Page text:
With all of this, it's not surprising that so many of us feel like we're not adults yet. Most of us can't truly afford to live like one. What we don't talk about enough is the fact that everything that's been traditionally shoved down our throats as markers of adulthood, whether that's owning a house or living alone or supporting a family, is increasingly becoming something that's only accessible to the smallest, richest, and often whitest silver of our demographic.

As a generation, millennials are more diverse and more educated than the generations before us. We're also suffering collectively from higher poverty rates, more student debt, and the increasingly inaccessibility of traditional gateways to prosperity, like homeownership. More significantly, the structures and institutions that enabled our parents to live far more comfortable lives at the same age from the financial accessibility of public universities to the social safety net to even guarantees about job security and pensions are eroding.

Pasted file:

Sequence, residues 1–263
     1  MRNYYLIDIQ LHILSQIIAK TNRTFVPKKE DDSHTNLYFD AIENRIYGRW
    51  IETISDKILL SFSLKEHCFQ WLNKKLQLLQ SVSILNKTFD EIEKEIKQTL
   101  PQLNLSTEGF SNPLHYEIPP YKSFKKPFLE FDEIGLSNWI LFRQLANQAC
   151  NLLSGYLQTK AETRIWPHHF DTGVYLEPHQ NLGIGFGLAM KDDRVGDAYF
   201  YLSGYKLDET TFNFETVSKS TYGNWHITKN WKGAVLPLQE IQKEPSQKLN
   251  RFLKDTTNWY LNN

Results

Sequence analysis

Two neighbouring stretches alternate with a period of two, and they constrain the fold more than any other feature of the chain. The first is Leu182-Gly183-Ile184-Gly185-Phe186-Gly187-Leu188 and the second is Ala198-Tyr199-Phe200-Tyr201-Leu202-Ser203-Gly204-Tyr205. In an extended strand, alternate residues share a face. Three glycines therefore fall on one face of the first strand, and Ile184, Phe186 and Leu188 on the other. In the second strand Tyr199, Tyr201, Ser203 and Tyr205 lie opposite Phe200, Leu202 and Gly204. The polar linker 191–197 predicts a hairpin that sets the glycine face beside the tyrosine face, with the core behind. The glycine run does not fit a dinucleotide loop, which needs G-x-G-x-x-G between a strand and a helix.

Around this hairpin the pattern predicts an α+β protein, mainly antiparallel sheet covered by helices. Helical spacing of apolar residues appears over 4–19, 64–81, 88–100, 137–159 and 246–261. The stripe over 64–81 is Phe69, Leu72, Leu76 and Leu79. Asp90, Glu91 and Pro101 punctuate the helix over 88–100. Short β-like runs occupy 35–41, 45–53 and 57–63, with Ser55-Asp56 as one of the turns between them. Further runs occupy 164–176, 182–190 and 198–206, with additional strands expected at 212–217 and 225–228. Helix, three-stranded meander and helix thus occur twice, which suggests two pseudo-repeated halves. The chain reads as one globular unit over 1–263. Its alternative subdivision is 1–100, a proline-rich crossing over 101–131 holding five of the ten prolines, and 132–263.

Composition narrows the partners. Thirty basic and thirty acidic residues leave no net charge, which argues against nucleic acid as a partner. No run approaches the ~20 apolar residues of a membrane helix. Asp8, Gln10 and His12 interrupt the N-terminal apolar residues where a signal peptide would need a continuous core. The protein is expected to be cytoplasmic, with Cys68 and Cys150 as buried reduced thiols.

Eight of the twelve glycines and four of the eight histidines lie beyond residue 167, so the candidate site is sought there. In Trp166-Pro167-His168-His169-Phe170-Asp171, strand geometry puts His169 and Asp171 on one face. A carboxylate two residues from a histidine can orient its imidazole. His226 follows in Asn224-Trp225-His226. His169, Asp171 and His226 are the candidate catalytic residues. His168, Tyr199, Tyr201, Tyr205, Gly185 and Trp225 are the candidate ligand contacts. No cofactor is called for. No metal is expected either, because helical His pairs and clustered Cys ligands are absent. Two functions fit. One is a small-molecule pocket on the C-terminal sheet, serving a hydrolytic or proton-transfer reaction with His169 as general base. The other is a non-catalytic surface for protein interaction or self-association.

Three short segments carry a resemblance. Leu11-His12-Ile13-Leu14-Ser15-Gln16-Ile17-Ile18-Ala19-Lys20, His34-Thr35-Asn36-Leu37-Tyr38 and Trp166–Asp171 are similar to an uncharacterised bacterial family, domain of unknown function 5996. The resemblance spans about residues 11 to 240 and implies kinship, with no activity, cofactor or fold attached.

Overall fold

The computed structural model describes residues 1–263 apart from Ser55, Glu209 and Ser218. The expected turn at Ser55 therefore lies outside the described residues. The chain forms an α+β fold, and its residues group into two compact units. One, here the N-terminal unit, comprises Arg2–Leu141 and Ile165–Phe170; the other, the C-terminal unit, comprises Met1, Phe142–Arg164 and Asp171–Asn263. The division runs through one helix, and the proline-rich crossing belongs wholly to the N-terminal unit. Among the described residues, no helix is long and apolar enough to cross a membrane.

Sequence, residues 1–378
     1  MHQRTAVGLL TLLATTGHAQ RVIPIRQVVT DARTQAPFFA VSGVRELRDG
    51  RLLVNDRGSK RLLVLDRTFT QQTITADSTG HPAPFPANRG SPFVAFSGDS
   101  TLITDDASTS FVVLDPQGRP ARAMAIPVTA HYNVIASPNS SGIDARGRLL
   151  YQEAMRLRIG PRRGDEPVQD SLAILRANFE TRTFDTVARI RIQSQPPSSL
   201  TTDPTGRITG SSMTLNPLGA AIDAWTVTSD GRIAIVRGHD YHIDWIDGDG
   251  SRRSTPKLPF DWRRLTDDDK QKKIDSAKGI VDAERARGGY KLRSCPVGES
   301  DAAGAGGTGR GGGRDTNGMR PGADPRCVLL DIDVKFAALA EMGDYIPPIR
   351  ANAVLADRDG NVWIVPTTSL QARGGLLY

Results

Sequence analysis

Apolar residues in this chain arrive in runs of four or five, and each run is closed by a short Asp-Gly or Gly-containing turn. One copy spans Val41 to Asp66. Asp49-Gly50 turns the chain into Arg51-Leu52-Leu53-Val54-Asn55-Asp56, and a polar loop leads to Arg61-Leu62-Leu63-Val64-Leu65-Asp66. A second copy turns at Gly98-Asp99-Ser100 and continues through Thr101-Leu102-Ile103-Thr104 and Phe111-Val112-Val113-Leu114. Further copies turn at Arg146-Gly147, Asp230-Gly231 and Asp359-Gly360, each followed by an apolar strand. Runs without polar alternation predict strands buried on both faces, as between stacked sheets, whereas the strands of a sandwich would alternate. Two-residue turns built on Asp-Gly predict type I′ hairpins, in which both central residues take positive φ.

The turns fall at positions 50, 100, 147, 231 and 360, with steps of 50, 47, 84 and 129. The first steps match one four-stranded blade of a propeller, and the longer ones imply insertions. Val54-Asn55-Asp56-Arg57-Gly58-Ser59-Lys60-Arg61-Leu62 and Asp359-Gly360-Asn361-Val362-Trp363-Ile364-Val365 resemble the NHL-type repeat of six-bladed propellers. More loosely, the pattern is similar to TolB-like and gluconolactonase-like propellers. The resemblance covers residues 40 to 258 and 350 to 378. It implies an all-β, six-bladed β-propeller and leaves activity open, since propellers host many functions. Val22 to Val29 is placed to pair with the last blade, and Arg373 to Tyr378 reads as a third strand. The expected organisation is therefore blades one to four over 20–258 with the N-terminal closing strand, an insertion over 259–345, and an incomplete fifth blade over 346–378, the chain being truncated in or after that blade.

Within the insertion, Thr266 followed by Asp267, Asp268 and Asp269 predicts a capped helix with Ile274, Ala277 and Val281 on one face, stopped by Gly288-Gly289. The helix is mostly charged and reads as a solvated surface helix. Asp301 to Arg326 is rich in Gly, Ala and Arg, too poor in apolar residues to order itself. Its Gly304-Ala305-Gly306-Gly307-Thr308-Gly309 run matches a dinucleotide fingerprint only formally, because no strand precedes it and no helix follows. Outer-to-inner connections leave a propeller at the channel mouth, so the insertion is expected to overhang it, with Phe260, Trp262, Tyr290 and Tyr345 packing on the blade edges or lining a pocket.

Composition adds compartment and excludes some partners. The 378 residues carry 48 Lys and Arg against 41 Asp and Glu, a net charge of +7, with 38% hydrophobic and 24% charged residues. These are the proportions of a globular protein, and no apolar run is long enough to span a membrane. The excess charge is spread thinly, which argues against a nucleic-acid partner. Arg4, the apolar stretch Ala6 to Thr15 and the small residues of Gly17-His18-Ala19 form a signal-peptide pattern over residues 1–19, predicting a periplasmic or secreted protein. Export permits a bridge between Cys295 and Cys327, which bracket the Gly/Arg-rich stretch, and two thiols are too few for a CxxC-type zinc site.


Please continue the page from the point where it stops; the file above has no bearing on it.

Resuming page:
Our salaries and wages have stagnated. My father, a software engineer, made more money in his first entry-level job in the '80s than I made in mine in 2014. At the same time, the things we need for stability and security-- housing, health care, and education-- are skyrocketing in cost.

We're the generation stuck in the middle, still bearing the weight of societal expectations on what it should look like to be an adult in your 20s, unable to afford any of it, then blamed for our generational laziness and love of participation trophies and avocado toast. The reality is that much of the financial advice that worked for our parents' generation just doesn't work for many of us anymore. My first real job paid me a net income of $2,000 a month after taxes-- nonprofit, NYC.